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Dive into the legends and history of Jiangxi’s Capital, Nanchang

Wedged between Fujian and Hunan the landlocked southern province of Jiangxi is often overshadowed by its more boisterous neighbours. This has had the converse affect of preserving a lush environment of rice fields and forested hills, not to mention leaving Jiangxi’s many cultural and historic sites unburdened by marauding tour groups.

The laid back, hill-flanked capital Nanchang in particular, is something of a gem for those seeking an authentic taste of Chinese life. Bisected by the Han Jiang, the city has a long history of river trade, an affluent past, which splendid monuments like the Tangwang Pavilion and Shenjin Pagoda attest to. Indeed, the city’s significance as a regional transport hub continues to this day though now it is China’s burgeoning railways, not river barges that converge in Nanchang. 

Nanchang has also seen its fare share of drama over the centuries, most famously perhaps following Chiang Kai-shek’s break with the Communists in 1927 provoking Zhou Enlai and Zhu De to mutiny, seizing control of the city and resident thirty thousand troops. They were soon forced to flee into the mountainous south, but the anniversary of the uprising – August 1, 1927 – is still celebrated as the birth of the People’s Liberation Army or PLA. Indeed, those “first gunshots” fired against the Nationalists has won Nanchang “the city of heroes” moniker and a spattering of nostalgic Red sites are now open to tourism.

Despite its revolutionary legacy, Nanchang is actually a very relaxed place, a provincial capital far from the political fray. Though malls and glass towers are now supplanting the cruder soviet style of buildings erected in Mao’s time, Nanchang hasn’t quite kept pace with some coastal boomtowns. As such, it offers insight into a far more temperate and traditional way of urban Chinese life. Your best bet is to walk the backstreets, soak-up the atmosphere and binge on the spicy morsels of Gan cuisine as Jiangxi fare is known. But if you do plan to check out the big hits, here’s what’s on offer.

Shenjin Pagoda

 shenjin copy.jpg

Legend has it that the city will fall if this seven-storey, 60 metre Tang-era pagoda is ever destroyed, a warning still taken quite seriously despite the fact that Shengjin has already been toppled a few times, often by fires or earthquakes and most recently in the early eighteenth century. But rather than submitting to the gloom of prophecy the good people of Nanchang have rebuilt time and again. Nowadays the many episodes of history the pagoda (and by proxy the city) have gone through play out in a stunning light and sound show projected onto the towers and surrounding historical buildings each evening at 8pm. It’s free and thus garners quite a turnout. Indeed, the Shenjin Pagoda has become a centrepiece of a mini tourist neighbourhood bustling with snack shops and home to a few bars, restaurants and hotels.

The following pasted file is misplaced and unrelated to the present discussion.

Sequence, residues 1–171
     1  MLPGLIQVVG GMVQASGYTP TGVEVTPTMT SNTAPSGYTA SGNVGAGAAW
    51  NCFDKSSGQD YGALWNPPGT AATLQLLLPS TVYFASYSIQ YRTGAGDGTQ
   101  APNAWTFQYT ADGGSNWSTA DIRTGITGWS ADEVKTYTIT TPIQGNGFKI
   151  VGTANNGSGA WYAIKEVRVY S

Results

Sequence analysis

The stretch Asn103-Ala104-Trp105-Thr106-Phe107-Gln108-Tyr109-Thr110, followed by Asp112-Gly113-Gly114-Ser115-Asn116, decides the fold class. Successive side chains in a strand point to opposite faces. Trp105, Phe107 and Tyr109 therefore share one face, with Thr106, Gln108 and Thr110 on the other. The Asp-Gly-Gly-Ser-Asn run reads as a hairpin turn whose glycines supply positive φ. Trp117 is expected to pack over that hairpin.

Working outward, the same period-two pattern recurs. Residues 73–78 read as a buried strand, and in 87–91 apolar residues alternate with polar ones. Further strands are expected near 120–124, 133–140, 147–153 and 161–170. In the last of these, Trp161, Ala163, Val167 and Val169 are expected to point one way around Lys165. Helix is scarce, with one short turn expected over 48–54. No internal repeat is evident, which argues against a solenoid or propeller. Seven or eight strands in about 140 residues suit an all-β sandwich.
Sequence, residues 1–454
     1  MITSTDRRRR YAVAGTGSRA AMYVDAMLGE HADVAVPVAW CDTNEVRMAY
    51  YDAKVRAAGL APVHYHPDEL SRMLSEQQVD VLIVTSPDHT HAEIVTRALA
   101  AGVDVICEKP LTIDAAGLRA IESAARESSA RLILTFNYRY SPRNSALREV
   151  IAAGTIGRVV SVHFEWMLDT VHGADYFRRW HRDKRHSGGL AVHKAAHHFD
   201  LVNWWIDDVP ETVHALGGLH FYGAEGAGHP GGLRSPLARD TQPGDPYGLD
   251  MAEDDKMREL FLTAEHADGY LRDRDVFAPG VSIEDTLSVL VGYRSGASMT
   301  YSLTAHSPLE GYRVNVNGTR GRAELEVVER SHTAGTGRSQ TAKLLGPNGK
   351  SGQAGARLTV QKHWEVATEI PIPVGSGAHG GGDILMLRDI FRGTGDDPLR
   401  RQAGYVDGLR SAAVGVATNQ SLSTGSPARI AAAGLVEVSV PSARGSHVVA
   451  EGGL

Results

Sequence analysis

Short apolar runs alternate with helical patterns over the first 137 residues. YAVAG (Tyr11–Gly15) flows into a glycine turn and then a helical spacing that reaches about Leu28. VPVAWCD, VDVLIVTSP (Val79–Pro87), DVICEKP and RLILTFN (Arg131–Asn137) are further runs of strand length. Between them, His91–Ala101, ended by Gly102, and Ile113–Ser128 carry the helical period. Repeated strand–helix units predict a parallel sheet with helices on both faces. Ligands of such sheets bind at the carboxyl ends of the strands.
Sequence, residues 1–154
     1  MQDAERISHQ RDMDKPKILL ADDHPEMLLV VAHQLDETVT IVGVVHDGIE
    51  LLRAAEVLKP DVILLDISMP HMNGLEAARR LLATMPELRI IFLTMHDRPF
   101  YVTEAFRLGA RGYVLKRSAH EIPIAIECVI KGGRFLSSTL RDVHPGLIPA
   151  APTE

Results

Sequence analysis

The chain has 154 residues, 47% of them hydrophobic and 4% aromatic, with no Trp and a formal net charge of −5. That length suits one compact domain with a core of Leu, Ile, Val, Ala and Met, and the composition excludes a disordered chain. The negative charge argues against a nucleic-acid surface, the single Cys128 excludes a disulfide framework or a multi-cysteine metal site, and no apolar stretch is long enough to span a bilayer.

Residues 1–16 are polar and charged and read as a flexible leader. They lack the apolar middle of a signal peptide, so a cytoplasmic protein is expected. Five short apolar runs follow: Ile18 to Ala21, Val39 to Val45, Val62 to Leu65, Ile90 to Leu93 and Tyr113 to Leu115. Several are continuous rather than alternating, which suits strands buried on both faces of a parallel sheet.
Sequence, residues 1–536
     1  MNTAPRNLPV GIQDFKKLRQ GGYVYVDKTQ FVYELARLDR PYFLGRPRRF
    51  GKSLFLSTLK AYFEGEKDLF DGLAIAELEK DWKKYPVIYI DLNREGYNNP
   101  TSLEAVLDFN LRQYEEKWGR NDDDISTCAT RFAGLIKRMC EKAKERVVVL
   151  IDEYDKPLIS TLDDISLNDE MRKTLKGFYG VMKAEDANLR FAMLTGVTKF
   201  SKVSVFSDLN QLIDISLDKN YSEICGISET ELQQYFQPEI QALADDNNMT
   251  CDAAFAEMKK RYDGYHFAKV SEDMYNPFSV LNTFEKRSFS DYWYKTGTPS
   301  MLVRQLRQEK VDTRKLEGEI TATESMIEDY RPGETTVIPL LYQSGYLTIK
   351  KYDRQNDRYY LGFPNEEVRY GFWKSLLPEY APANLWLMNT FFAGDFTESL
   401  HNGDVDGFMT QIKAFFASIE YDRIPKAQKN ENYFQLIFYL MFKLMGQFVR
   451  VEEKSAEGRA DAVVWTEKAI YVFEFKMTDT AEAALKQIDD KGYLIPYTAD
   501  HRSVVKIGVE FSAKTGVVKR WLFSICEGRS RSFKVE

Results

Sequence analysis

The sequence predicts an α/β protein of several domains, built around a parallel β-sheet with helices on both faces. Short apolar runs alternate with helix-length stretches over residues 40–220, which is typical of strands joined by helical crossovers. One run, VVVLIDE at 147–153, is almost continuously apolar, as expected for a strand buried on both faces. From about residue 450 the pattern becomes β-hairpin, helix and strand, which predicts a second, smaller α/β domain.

Prince Teng’s Pavilion

 prince-teng copy.jpg

Located on the east bank of the Gan Jiang the mighty Tengwang Pavilion is one of the great Three Great Towers of southern China. Alas, it too has had mixed fortune. There have been 26 consecutive towers built here since the first was raised more than a thousand years ago as an exhibition inside the present tower explains. The contemporary building, constructed in the Song-style, only dates back to 1989 but has an impressive exterior nonetheless. Climbing (or taking the lift) to the top of the tower affords panoramic views of the cityscape whilst outside there’s an impressive made-to-look old plaza and adjoining classical gardens are also worthy of a wander.

August First Uprising Museum


Source: China Daily

In the vein of self-congratulation the Nanchang August 1st Uprising Museum is classified as one of the country’s most important commemorative museums. It is set inside a former  hotel, the exact site where the nascent PLA made their 1927 headquarters. It is in fact mostly of interest as an example of Nanchang’s colonial architecture, though modern history buffs will enjoy the visit. Inside, the meeting room has been preserved, and there is a collection of the artefacts and annals of that period, including military memorabilia such as guns, medals and uniforms. Highlights include a golden inscribed board written by Supreme Commander Chen Yi.

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About the author

Thomas grew up beneath heavy clouds in the South Wales suburbs. After reading too many books, he decided to see for himself what this weird world had on offer. Now an itinerant traveler, writer and photographer usually lost somewhere in East Asia, he prints his musings in a number of notable publications and has contributed to several guidebooks including Rough Guides China and Dunhuang: A City on the Silk Road. When he's not wandering, he can sometimes be found practising mandolin in Beijing.


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